The first night in the hospital after our baby was born, my husband and I were alone with our newborn baby for roughly 30 seconds when we heard him cough, gag, and projectile vomit. To say it scared the dickens out of us is an understatement. Whether we were ready or not, we were now parents of a baby with acid reflux.
Acid Reflux is a medical condition where the muscle at the top of the stomach doesn’t work well enough to stop the contents of the stomach from rising up the esophagus, which can result in vomiting.1 Acid reflux is common in babies, and as long as your baby is happy, content, and gaining weight, it isn’t a serious concern. However, you may notice your baby has more severe symptoms, and learning how to cope with a diagnosis of “reflux” may seem overwhelming.1 Don’t worry—here are some practical changes to try when dealing with a baby with acid reflux.
Changes to Help Alleviate Your Baby’s Acid Reflux
Some moms dealing with acid reflux in their babies swear by a specific type of bottle. The bottles you want to look for have the best system for minimal air bubbles. Some bottles have a built-in vent system, and others support positive airflow because of their angled design. Other parents use drop-in bags to ensure the amount of air getting into their baby’s tummy. Some top-rated bottles for reflux are Dr. Brow’s, Comotomo, and Philips Avent Anti-Colic.
Switching formula types can help tremendously. We went from a more generic brand of formula to an allergy-specific brand (hello significant price jump), but it seemed to help. Some fellow moms have told me that their doctor recommended adding some rice cereal to the bottle to help it thicken up and hopefully reduce spit-up but consult your pediatrician before taking that step.
If you’re breastfeeding, cutting out dairy in your diet may reduce some acid reflux, though more research is needed to determine the effectiveness of this. You can also try reducing spicy and gas-inducing foods (think veggies like broccoli and cauliflower).
Feeding in a more upright position helps the food settle. If breastfeeding, a suggested hold is having your baby face the breast while straddling your leg. Or to stand up while feeding in a modified twin-style hold.
Burping the baby often, possibly after every ounce, is essential in getting all gas bubbles out. From personal experience with a constant puker, I recommend using heavy-duty burp cloths. Cute little rags from a trendy boutique may end up ruined and completely drenched in one feeding, so we opted for heavy-duty, thick hand towels. Stock up on stain remover and towels, and don’t plan on wearing anything nice for a while.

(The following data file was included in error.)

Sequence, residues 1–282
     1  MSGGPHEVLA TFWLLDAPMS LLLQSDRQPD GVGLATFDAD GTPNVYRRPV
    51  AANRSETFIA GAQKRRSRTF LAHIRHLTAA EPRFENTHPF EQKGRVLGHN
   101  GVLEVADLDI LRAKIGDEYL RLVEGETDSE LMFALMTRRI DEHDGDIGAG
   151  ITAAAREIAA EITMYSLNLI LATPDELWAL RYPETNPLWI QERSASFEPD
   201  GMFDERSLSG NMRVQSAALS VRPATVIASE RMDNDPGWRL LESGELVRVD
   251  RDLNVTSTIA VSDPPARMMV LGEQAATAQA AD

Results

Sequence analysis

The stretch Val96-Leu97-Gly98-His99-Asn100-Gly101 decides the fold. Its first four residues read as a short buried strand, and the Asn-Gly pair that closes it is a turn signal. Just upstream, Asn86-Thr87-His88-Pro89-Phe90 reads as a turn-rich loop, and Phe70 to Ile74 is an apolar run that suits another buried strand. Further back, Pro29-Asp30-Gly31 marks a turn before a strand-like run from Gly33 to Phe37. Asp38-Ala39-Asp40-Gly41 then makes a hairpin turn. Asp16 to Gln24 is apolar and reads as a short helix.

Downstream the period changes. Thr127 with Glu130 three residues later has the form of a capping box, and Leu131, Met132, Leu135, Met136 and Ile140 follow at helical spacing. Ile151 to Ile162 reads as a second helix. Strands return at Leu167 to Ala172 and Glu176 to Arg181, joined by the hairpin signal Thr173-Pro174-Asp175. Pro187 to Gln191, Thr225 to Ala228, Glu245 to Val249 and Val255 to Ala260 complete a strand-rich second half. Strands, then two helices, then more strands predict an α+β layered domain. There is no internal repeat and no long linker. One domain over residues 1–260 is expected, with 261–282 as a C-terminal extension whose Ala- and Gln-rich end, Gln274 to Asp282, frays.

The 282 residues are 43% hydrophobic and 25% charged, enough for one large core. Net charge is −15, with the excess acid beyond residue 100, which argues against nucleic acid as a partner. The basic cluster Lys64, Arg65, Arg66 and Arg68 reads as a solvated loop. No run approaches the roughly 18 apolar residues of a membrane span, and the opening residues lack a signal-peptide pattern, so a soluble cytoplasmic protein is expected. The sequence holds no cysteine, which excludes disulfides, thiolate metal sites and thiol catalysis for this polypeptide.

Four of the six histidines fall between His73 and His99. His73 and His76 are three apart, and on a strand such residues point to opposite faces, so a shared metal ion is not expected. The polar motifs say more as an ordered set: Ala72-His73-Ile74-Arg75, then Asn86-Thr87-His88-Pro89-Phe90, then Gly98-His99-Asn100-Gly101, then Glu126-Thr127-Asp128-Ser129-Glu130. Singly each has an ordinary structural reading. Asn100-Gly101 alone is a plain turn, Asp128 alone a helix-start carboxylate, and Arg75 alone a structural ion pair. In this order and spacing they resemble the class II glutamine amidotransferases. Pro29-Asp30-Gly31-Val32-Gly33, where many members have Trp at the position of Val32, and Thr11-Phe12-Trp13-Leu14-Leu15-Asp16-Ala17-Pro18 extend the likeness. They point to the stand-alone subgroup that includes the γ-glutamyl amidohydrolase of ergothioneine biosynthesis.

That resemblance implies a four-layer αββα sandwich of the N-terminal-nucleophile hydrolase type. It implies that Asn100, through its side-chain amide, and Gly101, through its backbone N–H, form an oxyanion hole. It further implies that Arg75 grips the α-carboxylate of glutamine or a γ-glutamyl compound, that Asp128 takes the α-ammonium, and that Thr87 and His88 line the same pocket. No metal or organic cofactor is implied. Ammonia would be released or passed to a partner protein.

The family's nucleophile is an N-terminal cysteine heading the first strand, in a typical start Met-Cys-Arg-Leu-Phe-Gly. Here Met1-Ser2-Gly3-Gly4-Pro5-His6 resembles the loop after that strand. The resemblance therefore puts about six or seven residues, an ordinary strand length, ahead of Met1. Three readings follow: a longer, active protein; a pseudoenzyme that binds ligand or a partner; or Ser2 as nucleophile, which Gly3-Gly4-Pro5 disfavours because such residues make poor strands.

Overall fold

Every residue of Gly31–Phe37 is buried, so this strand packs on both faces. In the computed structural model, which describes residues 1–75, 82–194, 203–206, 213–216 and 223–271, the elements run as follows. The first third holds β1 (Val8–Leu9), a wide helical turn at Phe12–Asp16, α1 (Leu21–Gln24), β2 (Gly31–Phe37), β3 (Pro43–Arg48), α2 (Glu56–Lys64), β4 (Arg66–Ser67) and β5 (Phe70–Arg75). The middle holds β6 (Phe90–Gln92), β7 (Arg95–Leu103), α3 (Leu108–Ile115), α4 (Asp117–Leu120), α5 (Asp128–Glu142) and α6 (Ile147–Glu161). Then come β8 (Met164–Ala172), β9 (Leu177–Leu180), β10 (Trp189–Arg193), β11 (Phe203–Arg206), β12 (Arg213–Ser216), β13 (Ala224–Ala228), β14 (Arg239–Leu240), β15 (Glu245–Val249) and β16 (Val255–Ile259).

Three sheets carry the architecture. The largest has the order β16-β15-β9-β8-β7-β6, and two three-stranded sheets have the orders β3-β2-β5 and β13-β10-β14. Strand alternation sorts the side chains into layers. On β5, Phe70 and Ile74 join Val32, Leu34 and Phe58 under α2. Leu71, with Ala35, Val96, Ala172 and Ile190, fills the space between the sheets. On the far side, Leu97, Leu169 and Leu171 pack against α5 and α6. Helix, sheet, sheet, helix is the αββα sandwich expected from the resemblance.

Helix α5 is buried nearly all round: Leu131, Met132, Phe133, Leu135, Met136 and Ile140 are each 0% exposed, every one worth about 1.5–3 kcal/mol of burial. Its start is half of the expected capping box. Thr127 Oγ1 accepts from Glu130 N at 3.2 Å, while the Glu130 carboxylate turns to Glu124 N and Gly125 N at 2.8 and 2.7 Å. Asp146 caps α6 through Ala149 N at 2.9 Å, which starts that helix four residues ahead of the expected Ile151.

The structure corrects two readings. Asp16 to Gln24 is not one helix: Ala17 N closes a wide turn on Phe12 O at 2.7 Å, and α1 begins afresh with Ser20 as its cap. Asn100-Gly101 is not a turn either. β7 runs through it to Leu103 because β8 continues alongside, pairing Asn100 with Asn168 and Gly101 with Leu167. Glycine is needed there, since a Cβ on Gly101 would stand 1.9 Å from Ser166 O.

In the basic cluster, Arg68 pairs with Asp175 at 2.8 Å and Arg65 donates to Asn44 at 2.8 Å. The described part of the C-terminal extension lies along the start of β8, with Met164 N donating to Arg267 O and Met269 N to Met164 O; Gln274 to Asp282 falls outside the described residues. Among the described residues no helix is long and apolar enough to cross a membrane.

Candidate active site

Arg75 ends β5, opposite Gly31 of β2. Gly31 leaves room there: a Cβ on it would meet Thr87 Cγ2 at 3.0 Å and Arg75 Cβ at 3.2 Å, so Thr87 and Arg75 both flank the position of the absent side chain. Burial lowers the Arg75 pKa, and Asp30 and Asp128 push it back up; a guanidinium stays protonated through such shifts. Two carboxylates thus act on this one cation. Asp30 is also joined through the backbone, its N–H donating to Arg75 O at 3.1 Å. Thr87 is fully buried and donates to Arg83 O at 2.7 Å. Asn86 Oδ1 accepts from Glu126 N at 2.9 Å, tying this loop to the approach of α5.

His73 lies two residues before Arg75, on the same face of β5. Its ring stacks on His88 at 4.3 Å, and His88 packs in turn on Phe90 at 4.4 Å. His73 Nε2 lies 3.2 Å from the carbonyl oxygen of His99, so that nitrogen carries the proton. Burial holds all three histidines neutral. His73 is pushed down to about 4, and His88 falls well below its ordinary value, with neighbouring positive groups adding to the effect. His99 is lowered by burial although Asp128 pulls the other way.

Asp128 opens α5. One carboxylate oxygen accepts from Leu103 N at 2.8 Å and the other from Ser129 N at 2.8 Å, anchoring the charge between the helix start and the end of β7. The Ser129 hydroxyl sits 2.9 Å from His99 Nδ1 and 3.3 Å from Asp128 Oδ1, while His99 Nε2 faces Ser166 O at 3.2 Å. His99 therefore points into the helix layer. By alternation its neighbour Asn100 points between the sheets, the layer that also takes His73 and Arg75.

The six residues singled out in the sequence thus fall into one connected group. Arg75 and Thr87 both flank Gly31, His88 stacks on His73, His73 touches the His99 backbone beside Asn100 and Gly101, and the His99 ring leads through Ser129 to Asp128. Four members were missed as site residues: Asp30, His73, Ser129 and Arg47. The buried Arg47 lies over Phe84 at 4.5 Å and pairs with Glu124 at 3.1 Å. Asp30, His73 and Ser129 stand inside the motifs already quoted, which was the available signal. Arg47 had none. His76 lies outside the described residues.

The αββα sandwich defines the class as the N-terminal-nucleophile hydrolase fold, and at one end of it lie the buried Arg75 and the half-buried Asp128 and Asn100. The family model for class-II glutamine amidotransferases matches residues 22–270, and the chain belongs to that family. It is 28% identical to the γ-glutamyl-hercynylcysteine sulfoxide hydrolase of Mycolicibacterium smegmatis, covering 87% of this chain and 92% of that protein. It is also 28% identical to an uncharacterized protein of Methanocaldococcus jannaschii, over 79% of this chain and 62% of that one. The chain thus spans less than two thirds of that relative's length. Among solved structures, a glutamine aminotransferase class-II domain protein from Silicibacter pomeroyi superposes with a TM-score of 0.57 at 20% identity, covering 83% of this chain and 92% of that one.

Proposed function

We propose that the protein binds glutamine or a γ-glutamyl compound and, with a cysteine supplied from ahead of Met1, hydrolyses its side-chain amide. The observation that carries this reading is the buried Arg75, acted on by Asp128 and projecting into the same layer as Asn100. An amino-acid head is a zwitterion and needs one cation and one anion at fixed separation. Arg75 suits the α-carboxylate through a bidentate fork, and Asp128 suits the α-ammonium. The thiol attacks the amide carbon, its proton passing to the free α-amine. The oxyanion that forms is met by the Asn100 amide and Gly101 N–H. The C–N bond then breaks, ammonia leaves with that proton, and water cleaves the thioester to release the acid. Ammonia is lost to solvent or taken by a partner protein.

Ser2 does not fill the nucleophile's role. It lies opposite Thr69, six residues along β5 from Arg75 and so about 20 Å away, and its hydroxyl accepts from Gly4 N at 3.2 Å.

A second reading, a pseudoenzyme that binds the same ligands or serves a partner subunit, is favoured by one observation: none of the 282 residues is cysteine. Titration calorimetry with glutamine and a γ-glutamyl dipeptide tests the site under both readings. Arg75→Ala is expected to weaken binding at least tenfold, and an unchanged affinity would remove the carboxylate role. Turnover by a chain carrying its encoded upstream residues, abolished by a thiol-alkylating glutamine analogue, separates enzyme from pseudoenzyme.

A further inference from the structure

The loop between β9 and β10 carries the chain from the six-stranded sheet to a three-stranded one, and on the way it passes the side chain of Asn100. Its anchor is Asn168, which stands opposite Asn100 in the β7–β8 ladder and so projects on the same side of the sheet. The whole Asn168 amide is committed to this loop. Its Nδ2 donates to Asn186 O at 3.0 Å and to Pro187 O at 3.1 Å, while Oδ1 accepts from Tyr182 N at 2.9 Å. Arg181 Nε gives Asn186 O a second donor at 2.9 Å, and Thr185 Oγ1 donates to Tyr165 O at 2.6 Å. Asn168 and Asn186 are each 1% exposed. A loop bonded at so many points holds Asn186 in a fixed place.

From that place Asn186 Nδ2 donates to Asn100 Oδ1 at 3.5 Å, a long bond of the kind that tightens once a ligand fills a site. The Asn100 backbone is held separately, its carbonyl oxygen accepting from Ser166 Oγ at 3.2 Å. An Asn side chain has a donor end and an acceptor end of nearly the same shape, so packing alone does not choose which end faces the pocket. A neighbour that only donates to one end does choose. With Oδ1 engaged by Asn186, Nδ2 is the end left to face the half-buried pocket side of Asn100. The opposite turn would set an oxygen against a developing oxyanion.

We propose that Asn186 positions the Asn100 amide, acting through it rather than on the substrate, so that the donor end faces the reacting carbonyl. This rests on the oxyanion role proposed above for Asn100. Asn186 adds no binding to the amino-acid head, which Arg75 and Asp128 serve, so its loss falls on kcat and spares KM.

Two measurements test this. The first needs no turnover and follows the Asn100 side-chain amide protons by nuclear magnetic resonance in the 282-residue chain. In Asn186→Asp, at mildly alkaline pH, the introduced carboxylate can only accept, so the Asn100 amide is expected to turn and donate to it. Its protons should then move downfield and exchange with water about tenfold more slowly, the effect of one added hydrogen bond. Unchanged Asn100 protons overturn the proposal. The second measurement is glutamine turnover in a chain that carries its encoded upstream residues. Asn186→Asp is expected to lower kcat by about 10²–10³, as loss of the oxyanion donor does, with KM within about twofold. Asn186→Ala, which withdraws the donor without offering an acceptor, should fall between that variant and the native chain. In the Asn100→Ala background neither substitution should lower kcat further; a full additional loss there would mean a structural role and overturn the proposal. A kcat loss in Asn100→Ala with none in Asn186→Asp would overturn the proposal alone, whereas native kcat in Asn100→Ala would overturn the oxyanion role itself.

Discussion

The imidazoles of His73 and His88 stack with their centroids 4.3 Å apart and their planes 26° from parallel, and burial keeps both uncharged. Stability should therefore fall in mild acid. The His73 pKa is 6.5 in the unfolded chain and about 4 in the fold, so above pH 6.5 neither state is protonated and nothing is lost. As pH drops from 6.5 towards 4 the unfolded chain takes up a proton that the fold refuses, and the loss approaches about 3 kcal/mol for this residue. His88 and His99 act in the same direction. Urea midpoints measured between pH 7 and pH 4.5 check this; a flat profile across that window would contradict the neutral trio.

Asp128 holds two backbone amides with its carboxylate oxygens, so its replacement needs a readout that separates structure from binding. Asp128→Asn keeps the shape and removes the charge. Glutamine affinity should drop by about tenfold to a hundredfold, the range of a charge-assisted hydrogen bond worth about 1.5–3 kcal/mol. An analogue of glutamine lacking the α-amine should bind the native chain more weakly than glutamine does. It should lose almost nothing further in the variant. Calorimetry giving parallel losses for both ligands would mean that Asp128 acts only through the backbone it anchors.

Try to feed after your baby wakes instead of feeding them to sleep, and allowing your baby time to stay upright for as long as possible after feedings will help. Changing diapers after waking up but before eating, will negate the need to lie your baby down to change after eating.
You may have heard the suggestion to add a wedge under the crib mattress for a slight incline in the bed to help prevent spit-up. Some recommend this because they are concerned their baby will choke on their vomit. However, this is a myth. Additionally, it’s not a recommended safe sleep practice by the American Academy of Pediatrics.3 Babies have a gag reflex which helps them cough up to swallow fluid they spit up or vomit, naturally preventing choking from happening. No evidence suggests healthy babies on their backs are more likely to have severe or fatal choking episodes than those on their stomachs.3 There is, however, strong evidence that babies placed on their stomachs are at higher risk for SIDS. You can read more about the AAP’s safe sleep guidelines here.
The AAP recommends that babies suffering from reflux sleep on their backs on a firm, flat, safe sleep surface when not traveling.3 While this may not be the reflux sleep advice you hoped for, babies typically outgrow it by six months.3 If you have concerns about your baby with reflux, please consult your pediatrician to devise a plan for safe sleep practices.
Be sure to check with your doctor before giving any medications to your baby or switching up their formula. More than likely, your baby will eventually grow out of this at around six months, but for now, these options will hopefully help you along the smelly journey of acid reflux.